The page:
Fast Five Quiz: Iron Deficiency and Anemia in Heart Failure

Arnold S. Baas, MD; Jeff Hsu, MD

Disclosures

March 15, 2021

Intestinal edema may be an important cause of absolute iron deficiency (when total body iron is decreased) in patients with heart failure because it leads to impaired iron absorption. Absolute iron deficiency can also result from cardiac cachexia; anorexia; or hepcidin-induced downregulation of iron transporters, such as ferroportin.

Gastrointestinal blood loss related to use of aspirin, antiplatelet agents, or anticoagulants is another potential cause of absolute iron deficiency. In men and postmenopausal women presenting with iron deficiency anemia, an endoscopic evaluation to exclude bleeding gastrointestinal lesions is warranted.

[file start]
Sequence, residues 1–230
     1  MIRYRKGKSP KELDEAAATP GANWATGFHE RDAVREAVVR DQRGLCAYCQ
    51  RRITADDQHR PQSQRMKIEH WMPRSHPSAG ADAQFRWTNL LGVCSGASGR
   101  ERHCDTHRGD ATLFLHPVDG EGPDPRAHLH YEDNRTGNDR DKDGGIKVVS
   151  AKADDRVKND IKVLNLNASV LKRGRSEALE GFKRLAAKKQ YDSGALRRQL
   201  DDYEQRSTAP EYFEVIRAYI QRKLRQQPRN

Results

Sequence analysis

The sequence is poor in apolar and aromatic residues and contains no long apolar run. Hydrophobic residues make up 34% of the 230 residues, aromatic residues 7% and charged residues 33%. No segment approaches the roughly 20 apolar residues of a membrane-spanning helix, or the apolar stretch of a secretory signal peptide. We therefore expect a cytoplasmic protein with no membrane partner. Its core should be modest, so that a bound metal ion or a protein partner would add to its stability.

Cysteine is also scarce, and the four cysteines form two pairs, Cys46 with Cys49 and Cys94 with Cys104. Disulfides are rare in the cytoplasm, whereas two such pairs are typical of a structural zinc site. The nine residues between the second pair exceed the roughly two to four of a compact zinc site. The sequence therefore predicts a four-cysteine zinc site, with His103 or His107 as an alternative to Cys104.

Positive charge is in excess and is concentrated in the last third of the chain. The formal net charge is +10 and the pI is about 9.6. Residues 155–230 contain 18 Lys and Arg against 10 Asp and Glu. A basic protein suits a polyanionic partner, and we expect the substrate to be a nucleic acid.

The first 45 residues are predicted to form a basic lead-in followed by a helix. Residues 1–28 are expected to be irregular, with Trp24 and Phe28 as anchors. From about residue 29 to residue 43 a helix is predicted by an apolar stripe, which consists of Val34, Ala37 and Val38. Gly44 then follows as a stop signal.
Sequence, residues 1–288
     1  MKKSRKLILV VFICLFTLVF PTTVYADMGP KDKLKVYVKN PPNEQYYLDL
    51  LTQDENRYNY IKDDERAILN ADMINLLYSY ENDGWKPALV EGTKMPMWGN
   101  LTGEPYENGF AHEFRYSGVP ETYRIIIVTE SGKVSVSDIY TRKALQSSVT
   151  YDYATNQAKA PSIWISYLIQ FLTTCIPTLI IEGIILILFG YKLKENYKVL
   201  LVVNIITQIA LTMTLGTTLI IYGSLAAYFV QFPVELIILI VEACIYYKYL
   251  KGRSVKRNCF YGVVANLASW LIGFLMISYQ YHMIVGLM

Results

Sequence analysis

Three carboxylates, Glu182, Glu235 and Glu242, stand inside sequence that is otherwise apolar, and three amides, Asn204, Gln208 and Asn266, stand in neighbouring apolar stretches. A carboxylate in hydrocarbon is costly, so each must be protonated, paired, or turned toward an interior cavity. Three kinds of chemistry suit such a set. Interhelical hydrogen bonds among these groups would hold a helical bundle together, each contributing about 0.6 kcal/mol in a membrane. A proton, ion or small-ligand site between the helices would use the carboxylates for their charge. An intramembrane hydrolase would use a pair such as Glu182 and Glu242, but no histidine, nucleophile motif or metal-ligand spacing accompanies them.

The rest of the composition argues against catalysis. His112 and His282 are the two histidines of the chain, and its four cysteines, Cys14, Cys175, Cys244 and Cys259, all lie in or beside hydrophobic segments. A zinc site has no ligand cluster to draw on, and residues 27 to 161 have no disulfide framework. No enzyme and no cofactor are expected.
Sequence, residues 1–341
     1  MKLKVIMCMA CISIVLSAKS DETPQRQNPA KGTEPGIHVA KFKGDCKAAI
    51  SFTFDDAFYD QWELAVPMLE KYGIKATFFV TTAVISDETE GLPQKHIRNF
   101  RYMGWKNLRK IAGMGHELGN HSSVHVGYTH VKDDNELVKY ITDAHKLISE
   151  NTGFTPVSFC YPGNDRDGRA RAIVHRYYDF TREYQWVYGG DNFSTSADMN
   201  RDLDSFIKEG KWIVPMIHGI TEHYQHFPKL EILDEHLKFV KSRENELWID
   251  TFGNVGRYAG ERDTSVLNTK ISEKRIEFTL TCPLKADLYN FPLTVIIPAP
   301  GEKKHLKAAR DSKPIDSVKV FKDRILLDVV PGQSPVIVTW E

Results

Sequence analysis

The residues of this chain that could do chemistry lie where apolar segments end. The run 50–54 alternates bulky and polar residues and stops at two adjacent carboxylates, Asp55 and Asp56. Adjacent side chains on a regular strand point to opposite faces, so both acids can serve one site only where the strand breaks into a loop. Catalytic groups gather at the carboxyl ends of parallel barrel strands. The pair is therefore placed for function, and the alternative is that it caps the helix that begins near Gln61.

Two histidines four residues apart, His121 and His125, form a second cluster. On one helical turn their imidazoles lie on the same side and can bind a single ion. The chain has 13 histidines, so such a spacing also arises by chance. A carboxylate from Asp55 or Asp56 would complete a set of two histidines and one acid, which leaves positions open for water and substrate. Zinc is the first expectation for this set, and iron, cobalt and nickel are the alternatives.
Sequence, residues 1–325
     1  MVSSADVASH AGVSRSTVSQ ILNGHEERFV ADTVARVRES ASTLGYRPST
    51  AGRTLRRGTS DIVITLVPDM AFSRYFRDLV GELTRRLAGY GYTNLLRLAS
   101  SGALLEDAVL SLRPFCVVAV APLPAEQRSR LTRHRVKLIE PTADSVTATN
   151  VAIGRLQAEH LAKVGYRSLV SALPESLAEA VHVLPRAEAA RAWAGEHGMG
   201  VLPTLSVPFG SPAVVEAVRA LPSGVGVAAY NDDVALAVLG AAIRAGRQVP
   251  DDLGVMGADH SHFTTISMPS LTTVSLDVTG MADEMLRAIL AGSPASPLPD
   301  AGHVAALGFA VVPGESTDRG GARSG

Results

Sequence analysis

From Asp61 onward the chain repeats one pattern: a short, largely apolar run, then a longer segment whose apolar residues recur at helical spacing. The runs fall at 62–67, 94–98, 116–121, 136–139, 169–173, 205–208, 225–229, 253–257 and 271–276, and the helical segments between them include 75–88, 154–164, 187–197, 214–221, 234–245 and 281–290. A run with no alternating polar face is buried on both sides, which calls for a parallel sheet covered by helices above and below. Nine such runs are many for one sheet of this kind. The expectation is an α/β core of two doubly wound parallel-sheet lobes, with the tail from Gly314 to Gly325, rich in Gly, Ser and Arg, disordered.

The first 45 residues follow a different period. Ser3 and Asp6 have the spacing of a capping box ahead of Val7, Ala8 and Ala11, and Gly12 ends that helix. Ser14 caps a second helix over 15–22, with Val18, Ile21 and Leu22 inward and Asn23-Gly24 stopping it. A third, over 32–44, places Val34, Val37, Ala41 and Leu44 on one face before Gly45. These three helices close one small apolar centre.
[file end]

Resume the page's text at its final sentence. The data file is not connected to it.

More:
Both absolute and functional iron deficiency in heart failure can occur simultaneously in the same patient and are relatively common findings in patients with heart failure, even among those who have undergone heart transplantation.

Learn more about heart failure.

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